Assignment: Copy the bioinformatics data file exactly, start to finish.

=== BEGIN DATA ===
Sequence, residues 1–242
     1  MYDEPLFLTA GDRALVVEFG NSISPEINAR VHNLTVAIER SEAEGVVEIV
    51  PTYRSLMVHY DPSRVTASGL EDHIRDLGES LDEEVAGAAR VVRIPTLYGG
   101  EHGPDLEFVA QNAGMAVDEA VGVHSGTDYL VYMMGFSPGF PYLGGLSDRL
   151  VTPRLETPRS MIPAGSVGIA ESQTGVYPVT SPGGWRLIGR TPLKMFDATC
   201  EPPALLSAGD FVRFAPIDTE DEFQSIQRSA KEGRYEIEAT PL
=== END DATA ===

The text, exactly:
Sequence, residues 1–242
     1  MYDEPLFLTA GDRALVVEFG NSISPEINAR VHNLTVAIER SEAEGVVEIV
    51  PTYRSLMVHY DPSRVTASGL EDHIRDLGES LDEEVAGAAR VVRIPTLYGG
   101  EHGPDLEFVA QNAGMAVDEA VGVHSGTDYL VYMMGFSPGF PYLGGLSDRL
   151  VTPRLETPRS MIPAGSVGIA ESQTGVYPVT SPGGWRLIGR TPLKMFDATC
   201  EPPALLSAGD FVRFAPIDTE DEFQSIQRSA KEGRYEIEAT PL